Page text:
Dems chided for taking God from platform

A Southern Baptist seminary president says dropping a reference to “God-given” potential doesn’t help an incumbent viewed by some as hostile toward religion.

By Bob Allen

Religious observers questioned the message sent by Democrats omitting any mention of God in their 2012 party platform adopted by delegates to the Democratic National Convention.

“Guess what? God’s name has been removed from the Democratic National Committee platform,” CBN News Chief Political Correspondent David Brody reported on his blog, The Brody File, Sept. 4.

A paragraph in the 2008 platform said: “We need a government that stands up for the hopes, values, and interests of working people, and gives everyone willing to work hard the chance to make the most of their God-given potential.”

In the new platform, the idea is conveyed as “in America, hard work should pay off, responsibility should be rewarded, and each one of us should be able to go as far as our talent and drive take us.”

Brody said critics might observe that with planks in the platform advocating abortion rights and gay marriage, “it's no wonder that God's name would be dropped as well.”

ABC News quoted a party official explaining that the 2008 reference to “God-given” was not a statement of faith but instead about fairness and building a middle class. A 107-word plank on faith, the official said, is the exact same language used in 2008.

“Faith has always been a central part of the American story, and it has been a driving force of progress and justice throughout our history,” the platform reads.

“We know that our nation, our communities, and our lives are made vastly stronger and richer by faith and the countless acts of justice and mercy it inspires,” it continues.

“Faith-based organizations will always be critical allies in meeting the challenges that face our nation and our world – from domestic and global poverty, to climate change and human trafficking.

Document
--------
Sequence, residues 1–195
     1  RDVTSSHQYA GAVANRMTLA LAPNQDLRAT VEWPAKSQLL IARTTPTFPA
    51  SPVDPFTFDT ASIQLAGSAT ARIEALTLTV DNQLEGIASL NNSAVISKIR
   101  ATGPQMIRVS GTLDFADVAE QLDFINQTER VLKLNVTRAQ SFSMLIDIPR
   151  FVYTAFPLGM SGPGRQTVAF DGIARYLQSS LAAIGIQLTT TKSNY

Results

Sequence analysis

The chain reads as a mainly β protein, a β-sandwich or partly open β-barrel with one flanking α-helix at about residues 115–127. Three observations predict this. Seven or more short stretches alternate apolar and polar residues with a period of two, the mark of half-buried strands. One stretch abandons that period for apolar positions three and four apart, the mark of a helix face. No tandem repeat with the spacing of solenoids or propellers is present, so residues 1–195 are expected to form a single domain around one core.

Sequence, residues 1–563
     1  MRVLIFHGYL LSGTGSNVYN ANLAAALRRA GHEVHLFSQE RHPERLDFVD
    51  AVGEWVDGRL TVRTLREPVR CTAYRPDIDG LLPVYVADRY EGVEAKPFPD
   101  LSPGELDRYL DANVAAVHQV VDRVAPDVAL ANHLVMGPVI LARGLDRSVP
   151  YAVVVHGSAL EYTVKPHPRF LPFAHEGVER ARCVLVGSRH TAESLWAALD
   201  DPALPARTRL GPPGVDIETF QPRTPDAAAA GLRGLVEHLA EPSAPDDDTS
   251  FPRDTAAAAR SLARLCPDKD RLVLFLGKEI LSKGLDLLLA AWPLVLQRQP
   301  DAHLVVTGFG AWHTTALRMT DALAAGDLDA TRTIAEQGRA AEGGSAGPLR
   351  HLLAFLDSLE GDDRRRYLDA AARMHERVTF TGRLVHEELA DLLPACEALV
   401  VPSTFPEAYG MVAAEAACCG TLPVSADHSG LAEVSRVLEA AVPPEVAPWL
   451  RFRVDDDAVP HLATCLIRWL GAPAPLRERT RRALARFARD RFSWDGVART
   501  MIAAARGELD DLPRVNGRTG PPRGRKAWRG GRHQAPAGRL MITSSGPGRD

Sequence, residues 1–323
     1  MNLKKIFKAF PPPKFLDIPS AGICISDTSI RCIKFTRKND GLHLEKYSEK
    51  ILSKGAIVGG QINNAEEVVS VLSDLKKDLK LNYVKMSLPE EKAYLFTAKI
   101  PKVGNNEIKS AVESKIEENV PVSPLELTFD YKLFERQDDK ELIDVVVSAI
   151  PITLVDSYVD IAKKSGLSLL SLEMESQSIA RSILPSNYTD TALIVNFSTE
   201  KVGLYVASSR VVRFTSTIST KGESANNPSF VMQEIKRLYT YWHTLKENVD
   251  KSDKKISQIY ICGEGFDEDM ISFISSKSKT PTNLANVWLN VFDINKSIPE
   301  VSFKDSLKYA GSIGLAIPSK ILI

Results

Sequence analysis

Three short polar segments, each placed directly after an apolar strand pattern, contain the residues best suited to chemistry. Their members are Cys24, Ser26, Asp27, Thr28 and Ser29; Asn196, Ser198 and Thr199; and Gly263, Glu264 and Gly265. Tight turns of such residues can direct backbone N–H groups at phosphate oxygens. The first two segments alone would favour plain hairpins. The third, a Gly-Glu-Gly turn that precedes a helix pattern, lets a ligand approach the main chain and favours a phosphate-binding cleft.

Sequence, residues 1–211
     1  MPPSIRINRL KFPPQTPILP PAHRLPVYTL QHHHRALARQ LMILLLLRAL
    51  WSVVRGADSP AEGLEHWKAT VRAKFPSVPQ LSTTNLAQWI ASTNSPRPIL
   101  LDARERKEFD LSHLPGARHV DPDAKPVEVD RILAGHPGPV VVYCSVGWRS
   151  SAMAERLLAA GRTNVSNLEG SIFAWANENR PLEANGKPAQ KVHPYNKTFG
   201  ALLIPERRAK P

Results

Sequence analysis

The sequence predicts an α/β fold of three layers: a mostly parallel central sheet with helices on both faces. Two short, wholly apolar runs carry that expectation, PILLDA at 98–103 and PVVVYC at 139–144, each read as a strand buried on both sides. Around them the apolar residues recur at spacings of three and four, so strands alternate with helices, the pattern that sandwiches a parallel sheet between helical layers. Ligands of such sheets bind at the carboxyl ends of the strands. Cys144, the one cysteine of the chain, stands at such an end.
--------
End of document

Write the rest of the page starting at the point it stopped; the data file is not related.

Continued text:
“People of faith and religious organizations do amazing work in communities across this country and the world, and we believe in lifting up and valuing that good work, and finding ways to support it where possible.

“We believe in constitutionally sound, evidence-based partnerships with faith-based and other nonprofit organizations to serve those in need and advance our shared interests.

“There is no conflict between supporting faith-based institutions and respecting our Constitution, and a full commitment to both principles is essential for the continued flourishing of both faith and country.”

Albert Mohler, president of Southern Baptist Theological Seminary, said in his daily podcast briefing Sept. 5 that “God-given” in a party platform “is not necessarily in any sense meaningful,” because it is an expression of “civil religion” and part of America’s political culture.

“But in an election cycle like this, with the incumbent president himself running somewhat on the defensive on these issues, it’s hard to imagine why the Democrats would do something so blatant as to take God-given potential out of their platform and simply replace it with secular language,” Mohler observed.

Robert Parham, head of the Baptist Center for Ethics in attendance at the Sept. 4-6 DNC in Charlotte, N.C., posted questions on Twitter asking: “How does African-American Baptist pastor Harkins defend Dem's removal of God from platform…?” and “Is the claim of faith, theology, really a thin veil for what is an ideology without God for national Democratic leaders?”